2.2. Experimental Methods

Dissolution ratio of every lost circulation material was conducted parallel at 80°C for 4 hours. The sealing characteristics of plugging slurries were evaluated using high temperature high pressure circulation simulation device SDY-2 (Fig. 1). The working pressure of SDY-2 is between 0 and 40 MPa, and working temperature is from ambient temperature to 220°C. The shear rate of mixing propeller in pollution still is 0-1000 s-1. The diameter of fracture simulation block is 38 mm, with length of 50 mm. The width of the cracks is from 0.2 mm to 5 mm. Sealing properties of removable plugging slurries were measured using SDY-2 through 1 mm, 2 mm, 3 mm, and 4 mm cracks at room temperature and other setting values.

Fig. (1)

Images of parts of the HTHP circulation simulation device SDY-2.



3. RESULTS AND DISCUSSION

3.1. Fracture Characteristics of Carbonate in Nanpu Sag

It could be observed from Fig. (2) that fractures were developed on the cylindrical surface of (a) full size cores and inner cylindrical surface of (b) peripheral projection with different distribution angle. The width of fractures ranged from 0.5 mm to 3 mm. The end face of (a) full size cores was penetrated by fractures. Natural fractures and induced fractures were both found in imaging logging (Fig. 3). Distributional patterns of natural fractures included vertical straight seam, netlike cross stitch, oblique fractures with intersection angles. In well NP280, interval of 4722 m-4732 m develops netlike fractures with strong infiltrability, most branches, high angle, good continuity, with average width of 13 μm, length of 3.93 m/m2, distribution density of 4.89 strips/m, fracture porosity of 0.98% and accompanied by corrosion holes (Fig. 4).

Fig. (2)

Pictures of fractured carbonate cores from oil-bearing formation.



Fig. (3)

Fracture features in the imaging logging photographs.



Section of 4542.5 m-4543.5 m has better physical properties and develops most pores. Comprehensive analysis of imaging logging data of Nanpu sag showed that the average fracture width of buried hill carbonate reservoir in 1# structure was 17.5 μm and ranged from 2 μm to 2714.21 μm, fracture width of carbonate in 2# structure ranged from 3.8 μm to 143.56 μm, with average of 40.65 μm, and the average fracture width of carbonate in 5# structure was 3.7 μm (Table 1).

3.2. Leakage Mechanism and Sealing Principle for Fractured Formation

3.2.1. Leakage Mechanism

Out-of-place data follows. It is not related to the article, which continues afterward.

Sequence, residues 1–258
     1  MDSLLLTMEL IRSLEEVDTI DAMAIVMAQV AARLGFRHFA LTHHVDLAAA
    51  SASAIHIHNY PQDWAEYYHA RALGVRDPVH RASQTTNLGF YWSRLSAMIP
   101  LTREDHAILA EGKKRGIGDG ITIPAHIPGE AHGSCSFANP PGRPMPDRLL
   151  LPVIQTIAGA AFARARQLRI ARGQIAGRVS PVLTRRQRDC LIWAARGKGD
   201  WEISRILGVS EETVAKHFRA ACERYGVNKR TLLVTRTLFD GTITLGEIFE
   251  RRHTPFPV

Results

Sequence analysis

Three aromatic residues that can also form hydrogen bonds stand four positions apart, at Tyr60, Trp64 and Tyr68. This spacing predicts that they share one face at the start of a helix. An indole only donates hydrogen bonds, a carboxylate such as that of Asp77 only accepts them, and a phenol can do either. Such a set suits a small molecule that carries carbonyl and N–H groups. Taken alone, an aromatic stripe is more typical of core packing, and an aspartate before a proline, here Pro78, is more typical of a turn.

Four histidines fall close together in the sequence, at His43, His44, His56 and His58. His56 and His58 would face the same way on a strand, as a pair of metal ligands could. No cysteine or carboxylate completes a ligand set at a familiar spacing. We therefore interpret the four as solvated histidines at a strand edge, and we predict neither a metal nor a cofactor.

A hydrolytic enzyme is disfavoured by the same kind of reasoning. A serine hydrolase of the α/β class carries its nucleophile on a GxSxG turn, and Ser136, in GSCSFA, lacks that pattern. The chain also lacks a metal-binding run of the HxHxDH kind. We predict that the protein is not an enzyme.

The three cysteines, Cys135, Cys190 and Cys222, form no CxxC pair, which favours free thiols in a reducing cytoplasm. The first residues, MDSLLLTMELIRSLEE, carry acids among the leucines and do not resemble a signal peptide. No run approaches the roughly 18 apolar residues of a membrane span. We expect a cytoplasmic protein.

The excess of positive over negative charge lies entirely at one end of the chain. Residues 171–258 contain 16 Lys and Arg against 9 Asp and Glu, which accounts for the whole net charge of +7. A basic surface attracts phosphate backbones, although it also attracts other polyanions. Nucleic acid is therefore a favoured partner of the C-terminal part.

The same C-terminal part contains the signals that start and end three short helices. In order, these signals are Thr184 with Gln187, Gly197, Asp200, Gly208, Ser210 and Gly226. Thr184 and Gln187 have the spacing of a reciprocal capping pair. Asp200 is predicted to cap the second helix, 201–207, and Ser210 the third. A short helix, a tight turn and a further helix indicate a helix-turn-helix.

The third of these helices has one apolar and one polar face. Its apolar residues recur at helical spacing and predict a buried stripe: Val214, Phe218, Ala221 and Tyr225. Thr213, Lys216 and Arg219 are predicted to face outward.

There are two essential conditions for lost circulation: channels for working liquid flowing through and spaces for containing lost fluids, positive differential pressure between dynamic bottom hole pressure and pore pressure to drive liquid flow from wellbore into formation.

The pressure gradients in carbonate reservoir of Nanpu sag are mostly between 0.98 and 1.04, sometimes more than 1.10. It is easy to build a positive pressure differential between dynamic bottom hole pressure and pore pressure even using non weighted drilling fluid with low content of solids. Moreover, fractures are developed in deep buried hill carbonate reservoir, which provide channels for oil flowing as well as for fluid leakage.

Table 1

Fracture width of buried hill carbonate reservoir in Nanpu sag.




Fig. (4)

Fracture parameters from imaging logging interpretations.



Working liquid losses will occur in natural fractures developed formation when dynamic pressure exceeds fluid pressure in fractures. Lost rate depends on the pressure difference between dynamic pressure and pore pressure, development level, interconnected status, width, length of natural fractures, and rheological properties of liquids in porous media. Lost circulation caused by induced fractures may occur during engineering practice. Reasons for producing induced fractures include the vibration of drill stem joint, stress release of formation and induced fracturing by higher dynamic pressure in wellbore. Generally, fractures induced by vibration of drill string and stress release will not lead to serious fluid losses, while fractures resulting from fracturing or opened by pressure may bring about severe lost circulation. Induced fractured leakage will be generated under the following four conditions: fracturing low pressure formations using drilling fluid with higher density during drilling high (a) Full size cores (b) Peripheral projection (a) Vertical (b) Netlike (c) Oblique (d) Induced pressure oil and gas reservoirs; pressure surge caused by rapid lowering of the drill pipe, casing, bit balling and centralizer mud packing into the hole; the shear stress of fluid in wellbore is too high and pump is opened too quickly and the closed natural fractures are opened by dynamic pressure of liquid in wellbore.

3.2.2. Sealing Principle

Bridging material plugging is more convenient, safe and cheap, compared with other leakage control technologies. Fibrous, granular, powder and deformable materials were selected to plug and strengthen fractures.

3.2.2.1. Morphological Features of Fibrous Material and its Plugging Mechanism

The flocculation formed by tens offiber particles is easier to deposit onto crack surface than spherical particle with the same diameter, with higher stability through multipoint attachment even surface contact with the joint surface. The flocculation with lower strength can fill in fracture of any shape due to its easy deforming under pressure and form effective plugging in the entrance of cracks cooperated with rigid particles.